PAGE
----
America is a ticking time bomb. All that remains to be seen is who – or what – will set fire to the fuse. We are poised at what seems to be the pinnacle of a manufactured breakdown, with police shooting unarmed citizens, snipers shooting police, global and domestic violence rising, and a political showdown between two presidential candidates equally matched in unpopularity. The preparations for the Republican and Democratic national conventions taking place in Cleveland and Philadelphia—augmented by a $50 million federal security grant for each city—provide a foretaste of how the government plans to deal with any individual or group that steps out of line: they will be censored, silenced, spied on, caged, intimidated, interrogated, investigated, recorded, tracked, labeled, held at gunpoint, detained, restrained, arrested, tried and found guilty.

For instance, anticipating civil unrest and mass demonstrations in connection with the Republican Party convention, Cleveland officials set up makeshift prisons, extra courtrooms to handle protesters, and shut down a local university in order to house 1,700 riot police and their weapons. The city’s courts are preparing to process up to 1,000 people a day. Additionally, the FBI has also been conducting “interviews” with activists in advance of the conventions to discourage them from engaging in protests. Make no mistake, the government is ready for a civil uprising. Indeed, the government has been preparing for this moment for years. A 2008 Army War College report revealed that “widespread civil violence inside the United States would force the defense establishment to reorient priorities in extremis to defend basic domestic order and human security.”

The 44-page report goes on to warn that potential causes for such civil unrest could include another terrorist attack, “unforeseen economic collapse, loss of functioning political and legal order, purposeful domestic resistance or insurgency, pervasive public health emergencies, and catastrophic natural and human disasters.” Subsequent reports by the Department of Homeland Security to identify, monitor and label right-wing and left-wing activists and military veterans as extremists (a.k.a. terrorists) have manifested into full-fledged pre-crime surveillance programs. Almost a decade later, after locking down the nation and spending billions to fight terrorism, the DHS has concluded that the greater threat is not ISIS but domestic right-wing extremism.

Meanwhile, the government has been amassing an arsenal of military weapons for use domestically and equipping and training their “troops” for war. Even government agencies with largely administrative functions such as the Food and Drug Administration, Department of Veterans Affairs, and the Smithsonian have been acquiring body armor, riot helmets and shields, cannon launchers and police firearms and ammunition.

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Are there perhaps more important discussions to be had than who’s to blame for Brexit?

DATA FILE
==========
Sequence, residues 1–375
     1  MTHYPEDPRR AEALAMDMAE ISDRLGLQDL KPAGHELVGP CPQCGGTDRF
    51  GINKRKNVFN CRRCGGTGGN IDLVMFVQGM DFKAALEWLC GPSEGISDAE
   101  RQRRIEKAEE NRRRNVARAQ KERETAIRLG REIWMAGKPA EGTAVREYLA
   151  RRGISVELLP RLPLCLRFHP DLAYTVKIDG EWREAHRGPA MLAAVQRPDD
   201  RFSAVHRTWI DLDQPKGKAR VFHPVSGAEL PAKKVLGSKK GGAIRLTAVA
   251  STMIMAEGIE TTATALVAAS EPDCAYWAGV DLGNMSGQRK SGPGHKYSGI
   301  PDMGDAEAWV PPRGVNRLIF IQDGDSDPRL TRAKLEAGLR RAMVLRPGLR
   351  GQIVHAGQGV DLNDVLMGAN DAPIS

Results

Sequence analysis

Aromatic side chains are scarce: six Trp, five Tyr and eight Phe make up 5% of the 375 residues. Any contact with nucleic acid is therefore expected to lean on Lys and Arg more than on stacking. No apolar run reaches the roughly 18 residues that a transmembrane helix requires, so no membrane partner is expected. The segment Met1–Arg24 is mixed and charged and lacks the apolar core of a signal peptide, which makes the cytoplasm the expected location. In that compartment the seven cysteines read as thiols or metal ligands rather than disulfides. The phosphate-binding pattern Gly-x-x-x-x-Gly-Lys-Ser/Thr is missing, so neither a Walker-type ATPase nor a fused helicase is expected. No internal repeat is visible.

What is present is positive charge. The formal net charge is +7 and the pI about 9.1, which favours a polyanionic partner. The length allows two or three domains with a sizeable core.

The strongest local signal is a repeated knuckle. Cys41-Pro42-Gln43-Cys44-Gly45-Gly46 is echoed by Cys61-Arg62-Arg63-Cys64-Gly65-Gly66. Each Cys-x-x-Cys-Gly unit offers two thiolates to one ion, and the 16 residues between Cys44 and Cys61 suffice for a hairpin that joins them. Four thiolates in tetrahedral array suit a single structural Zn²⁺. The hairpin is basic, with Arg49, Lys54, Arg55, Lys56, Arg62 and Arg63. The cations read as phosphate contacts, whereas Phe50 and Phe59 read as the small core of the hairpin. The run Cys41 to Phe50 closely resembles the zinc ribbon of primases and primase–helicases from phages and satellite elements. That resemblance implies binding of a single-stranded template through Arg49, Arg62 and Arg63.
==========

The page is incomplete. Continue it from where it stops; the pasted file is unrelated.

Britain’s Part In Torture And Rendition Is Still Kept Hidden (Conv.)

Even as the Chilcot Report lays bare the sad story of the UK’s decision to join in the 2003 invasion of Iraq, a veil is still drawn over another dark aspect of Britain’s partnership with George W Bush’s administration. For years now, the British state has barely acknowledged its alleged deep involvement in the abuse of terror suspects, and there has been very little in the way of justice for the victims of torture and “rendition” – the practice of abducting suspects without due legal process and transferring them to other countries or territories for interrogation. Nonetheless, my colleague Ruth Blakeley and I have found that this involvement was direct, deep and longstanding. Moreover, most official channels have been closed to keep the extent of the UK’s co-operation from coming to light.

An aborted judge-led inquiry into British involvement in prisoner mistreatment uncovered more than 200 separate allegations of abuse, at least 40 of which were significant enough to warrant detailed investigation. Some of these cases have led to civil action against the British government in the UK courts, others have led to police investigations and criminal inquiry. In response, however, the government has maintained its innocence in every individual case while simultaneously working to block the release of relevant information. There have been attempts to withhold publication of key documents in open court, such as those which demonstrate that British intelligence knew about the torture of prisoners by the CIA before participating directly in their interrogation.

Where British courts have refused to accept government attempts to hold hearings in camera, the government has offered substantial payouts without any admission of liability. Indeed, the 2013 Justice and Security Act, which introduced so-called “closed material procedures” into the main civil courts, gave the state the legal ability to keep details of British involvement in torture out of the public record.

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One of my ‘pet’ themes. Not sure Hoppe understands this is an economic phenomenon, in that centralization depends one-on-one on a growing economy. He seems to think it’s political.